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Working out the changes: Cherokee

Discussion in 'Jazz Technique [DB]' started by Basscat125, Jun 11, 2014.


  1. Basscat125

    Basscat125

    Aug 3, 2010
    Glasgow, Scotland.
    none yet
    Hey guys im having a real hard time learning the changes to the tune cherokee ,
    Ive got the melody down but im finding it really frustating to learn the changes by ear! HELP!
     
  2. Febs

    Febs Supporting Member

    May 7, 2007
    Philadelphia, PA
    I'm not sure exactly what sort of help you're looking for, but the bridge to Cherokee is a series of ii-V-I progressions, down a step each time, starting in the key a half step above the tonic key. So if you're in Bb, the bridge is a ii-V-I in B, then in A, then in G, then in F.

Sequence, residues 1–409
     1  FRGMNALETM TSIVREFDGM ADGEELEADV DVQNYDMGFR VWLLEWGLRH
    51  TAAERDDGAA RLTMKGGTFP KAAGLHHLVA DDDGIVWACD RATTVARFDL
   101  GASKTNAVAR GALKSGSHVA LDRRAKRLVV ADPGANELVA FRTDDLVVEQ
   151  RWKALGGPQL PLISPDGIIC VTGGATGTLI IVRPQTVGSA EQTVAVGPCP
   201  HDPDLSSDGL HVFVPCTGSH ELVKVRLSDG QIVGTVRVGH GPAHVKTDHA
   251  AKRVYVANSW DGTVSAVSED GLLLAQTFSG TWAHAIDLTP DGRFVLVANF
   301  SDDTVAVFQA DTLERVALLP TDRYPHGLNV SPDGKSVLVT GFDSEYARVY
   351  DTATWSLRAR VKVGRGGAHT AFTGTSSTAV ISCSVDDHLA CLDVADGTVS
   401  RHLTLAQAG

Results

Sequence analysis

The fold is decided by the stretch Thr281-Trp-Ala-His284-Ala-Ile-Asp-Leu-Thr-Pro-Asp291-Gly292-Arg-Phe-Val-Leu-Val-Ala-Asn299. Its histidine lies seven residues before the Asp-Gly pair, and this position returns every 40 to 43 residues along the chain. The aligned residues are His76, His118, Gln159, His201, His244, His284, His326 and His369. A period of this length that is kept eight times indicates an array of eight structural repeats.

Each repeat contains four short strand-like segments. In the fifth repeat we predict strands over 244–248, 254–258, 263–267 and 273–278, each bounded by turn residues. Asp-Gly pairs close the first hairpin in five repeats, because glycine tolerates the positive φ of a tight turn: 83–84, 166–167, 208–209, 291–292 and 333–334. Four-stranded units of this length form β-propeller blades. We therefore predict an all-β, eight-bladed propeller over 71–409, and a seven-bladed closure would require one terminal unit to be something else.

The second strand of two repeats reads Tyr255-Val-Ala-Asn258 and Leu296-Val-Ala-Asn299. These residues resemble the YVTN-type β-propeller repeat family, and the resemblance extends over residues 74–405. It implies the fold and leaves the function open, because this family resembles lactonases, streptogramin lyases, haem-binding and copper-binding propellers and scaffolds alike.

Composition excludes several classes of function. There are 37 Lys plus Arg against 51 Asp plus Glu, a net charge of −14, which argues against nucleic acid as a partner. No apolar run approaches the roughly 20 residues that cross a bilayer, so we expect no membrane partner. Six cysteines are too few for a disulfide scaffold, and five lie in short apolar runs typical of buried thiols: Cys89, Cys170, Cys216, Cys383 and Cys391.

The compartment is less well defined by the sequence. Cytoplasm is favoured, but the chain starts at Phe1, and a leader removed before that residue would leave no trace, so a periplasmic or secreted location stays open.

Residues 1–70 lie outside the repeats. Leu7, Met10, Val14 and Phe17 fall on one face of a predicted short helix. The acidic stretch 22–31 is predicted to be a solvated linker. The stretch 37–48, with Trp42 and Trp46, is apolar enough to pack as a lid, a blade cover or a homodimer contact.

3. Basscat125

    Basscat125

    Aug 3, 2010
    Glasgow, Scotland.
    none yet
    Thanks Man thats good to know! I really just want some advice on how to work out chord changes that are tricky like Cherokee. I.e. whats the process involved?
    are there any tunes that i should learn before cherokee to make the process of figuring it out easier?
     
    Last edited: Jun 11, 2014
  4. hdiddy

    hdiddy Official Forum Flunkee Supporting Member

    Mar 16, 2004
    Richmond, CA
    In the beginning I found it very helpful to not switch to learning by ear directly. What I started doing was trying to train my ear. I would actually use a chart first without the intent on memorizing the changes by the chord symbols or what not. I'd get used to the root movement and have and idea of how it goes. The next step is to sing the third of each chord, or a guide tone, while playing the root on the bass. This starts to develop my ear to hear the chord quality of what it sounds like on a bass without any other distraction. Go slow with it, and start to hear how the colors changes with the chord qualities with just the bass by itself. Also pay attention to essential elements of certain chords. For example, playing the #11 on the second chord for A Train. It does not sound right if that isn't accentuated.